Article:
In the words of Rabbi Bradley Shavit Artson, the Dean of the Ziegler Rabbinical School in Los Angeles, “The Torah and rabbinic tradition is the preeminent vehicle for Jews to articulate a sense of G-D’s will and to concretize that will in our daily lives and our social structure. Hashem is just, and Halacha embodies Hashem’s love and justice. From these two points, an agenda of ritual profundity, compassion, and social justice emerges organically and traditionally” (Artson, B., 1985).
May we, as both individuals and the collective CoM community (along with traditional Jewish communities everywhere), be inspired to keep following the Torah’s call to balance our ritual and make this society just, and may we be able to work together as one Kehillah, one community, to keep illuminating what this congregation, Congregation of Moses, not only stands for is and is passionate about, but also the excitement of Jewish life now and what it can be, today and everyday!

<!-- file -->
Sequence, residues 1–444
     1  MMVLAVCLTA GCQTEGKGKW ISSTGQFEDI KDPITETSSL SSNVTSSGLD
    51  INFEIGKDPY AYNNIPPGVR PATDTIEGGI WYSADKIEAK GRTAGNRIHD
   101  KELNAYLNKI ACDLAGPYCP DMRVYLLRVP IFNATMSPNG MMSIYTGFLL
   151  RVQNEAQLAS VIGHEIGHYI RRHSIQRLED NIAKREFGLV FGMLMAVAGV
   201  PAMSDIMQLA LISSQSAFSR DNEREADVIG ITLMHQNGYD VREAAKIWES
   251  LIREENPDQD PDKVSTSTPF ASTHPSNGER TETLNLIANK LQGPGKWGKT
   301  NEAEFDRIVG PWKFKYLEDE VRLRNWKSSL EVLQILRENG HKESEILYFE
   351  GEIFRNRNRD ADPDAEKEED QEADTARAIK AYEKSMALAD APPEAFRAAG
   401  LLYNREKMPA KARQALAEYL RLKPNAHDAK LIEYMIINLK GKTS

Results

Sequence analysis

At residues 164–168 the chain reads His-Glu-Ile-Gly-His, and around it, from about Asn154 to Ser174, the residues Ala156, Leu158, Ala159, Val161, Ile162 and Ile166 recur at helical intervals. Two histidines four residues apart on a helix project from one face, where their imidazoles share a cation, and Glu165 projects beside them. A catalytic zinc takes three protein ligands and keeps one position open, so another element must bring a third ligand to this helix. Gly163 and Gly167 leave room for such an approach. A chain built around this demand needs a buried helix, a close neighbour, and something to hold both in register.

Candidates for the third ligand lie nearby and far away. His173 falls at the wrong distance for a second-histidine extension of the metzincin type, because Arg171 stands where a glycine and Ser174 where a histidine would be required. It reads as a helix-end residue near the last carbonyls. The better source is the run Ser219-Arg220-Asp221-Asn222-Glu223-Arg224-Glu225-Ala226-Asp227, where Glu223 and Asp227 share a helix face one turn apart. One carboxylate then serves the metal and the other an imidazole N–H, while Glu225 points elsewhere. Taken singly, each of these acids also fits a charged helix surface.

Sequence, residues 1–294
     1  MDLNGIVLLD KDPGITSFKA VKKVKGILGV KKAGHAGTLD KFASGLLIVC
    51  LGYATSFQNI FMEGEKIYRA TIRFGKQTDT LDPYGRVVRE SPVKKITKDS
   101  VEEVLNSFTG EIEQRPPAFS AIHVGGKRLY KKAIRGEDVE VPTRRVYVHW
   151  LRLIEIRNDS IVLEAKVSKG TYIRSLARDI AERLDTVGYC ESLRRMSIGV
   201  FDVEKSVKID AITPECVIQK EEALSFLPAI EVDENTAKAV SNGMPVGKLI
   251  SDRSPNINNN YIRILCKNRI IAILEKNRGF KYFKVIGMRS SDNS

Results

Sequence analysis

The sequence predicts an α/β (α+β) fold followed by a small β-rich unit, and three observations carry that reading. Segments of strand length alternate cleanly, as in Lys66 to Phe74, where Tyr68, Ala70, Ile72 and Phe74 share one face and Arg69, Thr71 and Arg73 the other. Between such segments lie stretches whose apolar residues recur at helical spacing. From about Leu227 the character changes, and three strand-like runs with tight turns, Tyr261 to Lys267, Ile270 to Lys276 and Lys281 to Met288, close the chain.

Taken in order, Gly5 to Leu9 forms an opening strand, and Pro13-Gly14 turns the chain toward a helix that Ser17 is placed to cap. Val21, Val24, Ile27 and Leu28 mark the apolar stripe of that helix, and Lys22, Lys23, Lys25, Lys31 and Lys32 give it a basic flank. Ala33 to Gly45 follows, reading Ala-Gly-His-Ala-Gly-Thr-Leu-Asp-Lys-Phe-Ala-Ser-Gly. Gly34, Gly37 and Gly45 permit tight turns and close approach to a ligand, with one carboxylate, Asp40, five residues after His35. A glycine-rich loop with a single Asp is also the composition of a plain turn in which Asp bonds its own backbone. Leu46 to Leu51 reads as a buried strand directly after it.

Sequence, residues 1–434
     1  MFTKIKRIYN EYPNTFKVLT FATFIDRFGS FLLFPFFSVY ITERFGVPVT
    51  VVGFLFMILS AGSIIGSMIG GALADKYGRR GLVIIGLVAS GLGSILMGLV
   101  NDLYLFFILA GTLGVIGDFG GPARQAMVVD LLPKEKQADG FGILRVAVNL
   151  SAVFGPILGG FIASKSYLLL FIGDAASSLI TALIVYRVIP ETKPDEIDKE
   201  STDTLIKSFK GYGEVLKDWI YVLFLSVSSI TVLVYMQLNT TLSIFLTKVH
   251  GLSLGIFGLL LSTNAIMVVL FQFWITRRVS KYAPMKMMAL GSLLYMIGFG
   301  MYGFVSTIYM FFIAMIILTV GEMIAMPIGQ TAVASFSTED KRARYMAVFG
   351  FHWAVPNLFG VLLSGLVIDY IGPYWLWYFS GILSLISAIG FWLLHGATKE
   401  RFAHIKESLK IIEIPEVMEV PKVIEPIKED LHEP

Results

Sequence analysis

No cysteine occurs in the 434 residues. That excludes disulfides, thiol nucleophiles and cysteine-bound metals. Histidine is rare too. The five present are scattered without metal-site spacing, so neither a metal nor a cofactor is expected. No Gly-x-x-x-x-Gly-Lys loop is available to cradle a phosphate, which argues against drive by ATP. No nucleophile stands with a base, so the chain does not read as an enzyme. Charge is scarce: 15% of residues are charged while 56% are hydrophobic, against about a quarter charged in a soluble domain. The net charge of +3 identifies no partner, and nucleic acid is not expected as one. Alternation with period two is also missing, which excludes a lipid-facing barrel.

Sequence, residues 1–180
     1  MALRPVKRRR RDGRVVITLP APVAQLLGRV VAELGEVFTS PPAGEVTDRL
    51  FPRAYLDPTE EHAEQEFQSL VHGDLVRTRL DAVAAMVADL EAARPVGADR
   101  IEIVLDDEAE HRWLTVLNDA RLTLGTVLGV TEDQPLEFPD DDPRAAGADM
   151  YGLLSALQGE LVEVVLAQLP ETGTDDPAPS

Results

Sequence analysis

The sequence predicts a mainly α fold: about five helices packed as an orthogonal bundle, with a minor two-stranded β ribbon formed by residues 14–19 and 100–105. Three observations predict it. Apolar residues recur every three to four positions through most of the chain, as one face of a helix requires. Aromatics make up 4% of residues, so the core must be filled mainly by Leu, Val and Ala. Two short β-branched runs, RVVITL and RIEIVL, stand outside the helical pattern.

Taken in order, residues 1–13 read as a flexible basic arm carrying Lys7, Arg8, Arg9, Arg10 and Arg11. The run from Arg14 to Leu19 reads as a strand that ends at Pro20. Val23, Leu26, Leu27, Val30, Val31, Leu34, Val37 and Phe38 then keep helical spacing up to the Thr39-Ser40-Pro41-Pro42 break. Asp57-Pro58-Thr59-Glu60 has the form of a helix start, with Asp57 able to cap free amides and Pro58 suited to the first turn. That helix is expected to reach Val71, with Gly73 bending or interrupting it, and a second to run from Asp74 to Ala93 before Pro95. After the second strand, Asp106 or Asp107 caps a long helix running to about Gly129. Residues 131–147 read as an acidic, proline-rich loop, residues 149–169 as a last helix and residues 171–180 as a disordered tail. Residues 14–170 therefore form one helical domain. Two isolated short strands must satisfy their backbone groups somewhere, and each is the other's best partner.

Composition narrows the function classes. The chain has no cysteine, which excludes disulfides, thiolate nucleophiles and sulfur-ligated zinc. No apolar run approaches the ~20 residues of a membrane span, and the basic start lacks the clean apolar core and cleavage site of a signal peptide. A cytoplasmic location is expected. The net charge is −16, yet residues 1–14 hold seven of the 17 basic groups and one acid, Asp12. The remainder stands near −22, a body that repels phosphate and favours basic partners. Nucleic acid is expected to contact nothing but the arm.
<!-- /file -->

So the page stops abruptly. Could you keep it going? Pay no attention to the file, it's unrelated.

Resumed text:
Kein Yehi Ratzon: May it be Hashem’s will!